Instead, what happens is that you’re lucky to get three things done – maybe at times, four – in a single day. This applies to living in the city (San Jose, for example) and it applies to living on the coast of Costa Rica, like where I do. I’ve lived both places, and it was no different from one to the other.

An example of the Three Things in a Day in Costa Rica

Today, for example. We were up around 8. Breakfast, email and showers from 8-10:15. Left the house to 4 x 4 it down the mountain to the highway and get to our downtown in Uvita, Costa Rica by 10:30-ish. I say “ish” because we ran into our neighbors who we needed to talk to at the base of the mountain so we stopped to talk.

Plus, everything time-wise here in Costa Rica is pretty much “ish”. And that’s a good habit to adopt if you want to keep your sanity once you move to Costa Rica. Always add in a healthy dose of knowing that when someone tells you 8 AM, that probably means an arrival time of somewhere between 10-10:30, if you’re lucky. We call it ‘Tico time’.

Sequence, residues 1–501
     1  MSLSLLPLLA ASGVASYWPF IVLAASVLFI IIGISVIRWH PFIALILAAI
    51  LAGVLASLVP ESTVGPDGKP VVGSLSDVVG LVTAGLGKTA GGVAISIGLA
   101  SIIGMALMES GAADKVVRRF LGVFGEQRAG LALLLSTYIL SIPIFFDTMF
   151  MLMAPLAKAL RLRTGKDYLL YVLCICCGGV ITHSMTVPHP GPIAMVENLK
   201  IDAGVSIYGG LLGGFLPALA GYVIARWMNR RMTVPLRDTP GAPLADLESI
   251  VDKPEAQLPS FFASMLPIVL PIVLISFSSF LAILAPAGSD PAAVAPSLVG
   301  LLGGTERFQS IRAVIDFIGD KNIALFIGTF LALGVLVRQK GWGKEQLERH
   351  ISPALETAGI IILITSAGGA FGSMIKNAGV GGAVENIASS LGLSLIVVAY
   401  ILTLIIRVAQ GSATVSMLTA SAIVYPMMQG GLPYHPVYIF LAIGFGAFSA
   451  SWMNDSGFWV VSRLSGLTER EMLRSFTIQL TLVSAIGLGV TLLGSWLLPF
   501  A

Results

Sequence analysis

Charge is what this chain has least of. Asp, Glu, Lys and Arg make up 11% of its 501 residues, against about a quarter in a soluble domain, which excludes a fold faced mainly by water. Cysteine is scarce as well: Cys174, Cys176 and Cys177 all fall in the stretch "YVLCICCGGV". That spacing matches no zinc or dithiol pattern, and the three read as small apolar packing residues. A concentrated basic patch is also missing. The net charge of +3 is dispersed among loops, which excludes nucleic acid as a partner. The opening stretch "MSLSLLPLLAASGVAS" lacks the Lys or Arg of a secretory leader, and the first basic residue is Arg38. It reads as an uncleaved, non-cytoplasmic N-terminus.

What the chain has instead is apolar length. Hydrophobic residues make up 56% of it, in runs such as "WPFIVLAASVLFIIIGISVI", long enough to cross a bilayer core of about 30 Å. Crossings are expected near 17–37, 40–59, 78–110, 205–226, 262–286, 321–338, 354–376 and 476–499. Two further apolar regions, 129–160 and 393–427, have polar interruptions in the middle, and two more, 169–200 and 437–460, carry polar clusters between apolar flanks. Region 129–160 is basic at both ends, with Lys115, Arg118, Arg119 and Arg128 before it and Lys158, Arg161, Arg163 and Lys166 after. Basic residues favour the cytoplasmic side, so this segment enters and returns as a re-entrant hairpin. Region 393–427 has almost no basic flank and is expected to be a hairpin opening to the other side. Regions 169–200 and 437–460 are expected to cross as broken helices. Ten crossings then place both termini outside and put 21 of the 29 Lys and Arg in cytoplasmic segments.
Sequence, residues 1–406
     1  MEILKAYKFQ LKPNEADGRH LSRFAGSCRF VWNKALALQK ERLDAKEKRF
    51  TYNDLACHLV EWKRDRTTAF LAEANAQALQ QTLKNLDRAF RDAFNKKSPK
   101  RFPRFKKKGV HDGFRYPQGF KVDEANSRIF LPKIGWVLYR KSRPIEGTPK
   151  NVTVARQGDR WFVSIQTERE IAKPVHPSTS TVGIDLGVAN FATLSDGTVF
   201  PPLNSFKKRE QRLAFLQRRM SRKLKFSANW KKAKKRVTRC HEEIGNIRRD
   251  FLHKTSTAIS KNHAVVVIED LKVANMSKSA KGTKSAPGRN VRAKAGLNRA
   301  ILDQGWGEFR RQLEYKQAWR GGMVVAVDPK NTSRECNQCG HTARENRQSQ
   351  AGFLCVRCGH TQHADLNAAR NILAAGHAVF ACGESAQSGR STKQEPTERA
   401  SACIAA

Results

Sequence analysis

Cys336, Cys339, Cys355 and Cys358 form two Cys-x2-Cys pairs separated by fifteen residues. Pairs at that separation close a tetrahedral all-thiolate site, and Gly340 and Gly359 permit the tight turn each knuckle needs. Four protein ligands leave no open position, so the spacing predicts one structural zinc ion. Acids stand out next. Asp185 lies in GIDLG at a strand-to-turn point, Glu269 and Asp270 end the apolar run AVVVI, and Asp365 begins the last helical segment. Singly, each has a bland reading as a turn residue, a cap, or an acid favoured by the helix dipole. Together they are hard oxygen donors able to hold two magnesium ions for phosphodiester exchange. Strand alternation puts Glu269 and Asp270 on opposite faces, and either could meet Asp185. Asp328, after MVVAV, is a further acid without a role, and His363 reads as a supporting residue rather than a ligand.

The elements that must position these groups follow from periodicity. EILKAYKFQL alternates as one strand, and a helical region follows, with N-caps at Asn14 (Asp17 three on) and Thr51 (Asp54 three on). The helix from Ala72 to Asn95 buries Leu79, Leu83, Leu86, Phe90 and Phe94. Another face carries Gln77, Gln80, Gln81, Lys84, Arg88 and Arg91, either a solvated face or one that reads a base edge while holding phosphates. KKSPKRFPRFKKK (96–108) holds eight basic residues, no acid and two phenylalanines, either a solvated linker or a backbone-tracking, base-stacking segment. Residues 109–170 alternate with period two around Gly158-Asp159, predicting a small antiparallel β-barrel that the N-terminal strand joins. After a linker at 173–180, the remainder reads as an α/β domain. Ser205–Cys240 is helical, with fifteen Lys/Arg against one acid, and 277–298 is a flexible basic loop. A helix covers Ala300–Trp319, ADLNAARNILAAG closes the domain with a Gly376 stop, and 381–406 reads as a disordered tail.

But, back to the three things….

At the coffee shop for our first meeting at 10:30. Arrived, had our meeting, departed around 11:45 AM.

Drove across the street to find shade and pick up a few things at the market. (Hey, when you live up on the mountain, there’s no running down for just a few things. Nor is there such a thing as a convenience store down the street. Nope. Everything takes planning.)

At the market for 20 minutes.

Back in car, heading to our second meeting at 12:15-ish.

Got there, had the meeting, departed around 1:00 p.m.